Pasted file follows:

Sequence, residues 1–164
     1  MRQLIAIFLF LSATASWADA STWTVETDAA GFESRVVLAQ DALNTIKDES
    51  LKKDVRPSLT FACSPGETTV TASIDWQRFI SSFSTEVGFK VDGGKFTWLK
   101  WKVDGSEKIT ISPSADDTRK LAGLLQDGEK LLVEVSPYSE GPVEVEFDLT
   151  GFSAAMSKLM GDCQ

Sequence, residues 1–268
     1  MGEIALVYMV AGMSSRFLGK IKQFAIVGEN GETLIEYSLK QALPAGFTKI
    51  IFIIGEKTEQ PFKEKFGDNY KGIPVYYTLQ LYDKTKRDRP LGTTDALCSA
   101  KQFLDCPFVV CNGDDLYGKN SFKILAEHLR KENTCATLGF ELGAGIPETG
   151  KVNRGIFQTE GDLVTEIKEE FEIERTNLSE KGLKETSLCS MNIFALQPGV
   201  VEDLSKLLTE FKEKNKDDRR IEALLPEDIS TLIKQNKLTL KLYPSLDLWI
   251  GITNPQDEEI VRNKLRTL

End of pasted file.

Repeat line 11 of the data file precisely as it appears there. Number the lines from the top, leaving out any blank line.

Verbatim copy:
   201  VEDLSKLLTE FKEKNKDDRR IEALLPEDIS TLIKQNKLTL KLYPSLDLWI